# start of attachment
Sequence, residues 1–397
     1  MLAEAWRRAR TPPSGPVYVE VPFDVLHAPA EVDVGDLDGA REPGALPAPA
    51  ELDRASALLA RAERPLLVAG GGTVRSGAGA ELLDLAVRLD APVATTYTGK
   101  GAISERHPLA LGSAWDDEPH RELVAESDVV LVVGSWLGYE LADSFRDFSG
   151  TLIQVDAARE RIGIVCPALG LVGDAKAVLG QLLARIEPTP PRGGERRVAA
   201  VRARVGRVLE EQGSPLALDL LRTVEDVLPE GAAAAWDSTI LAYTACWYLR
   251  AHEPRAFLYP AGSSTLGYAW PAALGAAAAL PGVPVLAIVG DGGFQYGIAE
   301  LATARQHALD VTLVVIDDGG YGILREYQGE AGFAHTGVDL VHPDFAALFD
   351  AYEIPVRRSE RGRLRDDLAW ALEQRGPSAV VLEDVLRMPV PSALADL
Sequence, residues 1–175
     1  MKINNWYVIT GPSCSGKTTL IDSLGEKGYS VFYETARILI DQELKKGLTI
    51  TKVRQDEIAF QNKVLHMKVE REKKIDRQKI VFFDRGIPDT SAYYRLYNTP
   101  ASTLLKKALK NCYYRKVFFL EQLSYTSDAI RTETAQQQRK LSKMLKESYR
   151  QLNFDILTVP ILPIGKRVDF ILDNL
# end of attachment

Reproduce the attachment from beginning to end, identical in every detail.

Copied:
Sequence, residues 1–397
     1  MLAEAWRRAR TPPSGPVYVE VPFDVLHAPA EVDVGDLDGA REPGALPAPA
    51  ELDRASALLA RAERPLLVAG GGTVRSGAGA ELLDLAVRLD APVATTYTGK
   101  GAISERHPLA LGSAWDDEPH RELVAESDVV LVVGSWLGYE LADSFRDFSG
   151  TLIQVDAARE RIGIVCPALG LVGDAKAVLG QLLARIEPTP PRGGERRVAA
   201  VRARVGRVLE EQGSPLALDL LRTVEDVLPE GAAAAWDSTI LAYTACWYLR
   251  AHEPRAFLYP AGSSTLGYAW PAALGAAAAL PGVPVLAIVG DGGFQYGIAE
   301  LATARQHALD VTLVVIDDGG YGILREYQGE AGFAHTGVDL VHPDFAALFD
   351  AYEIPVRRSE RGRLRDDLAW ALEQRGPSAV VLEDVLRMPV PSALADL
Sequence, residues 1–175
     1  MKINNWYVIT GPSCSGKTTL IDSLGEKGYS VFYETARILI DQELKKGLTI
    51  TKVRQDEIAF QNKVLHMKVE REKKIDRQKI VFFDRGIPDT SAYYRLYNTP
   101  ASTLLKKALK NCYYRKVFFL EQLSYTSDAI RTETAQQQRK LSKMLKESYR
   151  QLNFDILTVP ILPIGKRVDF ILDNL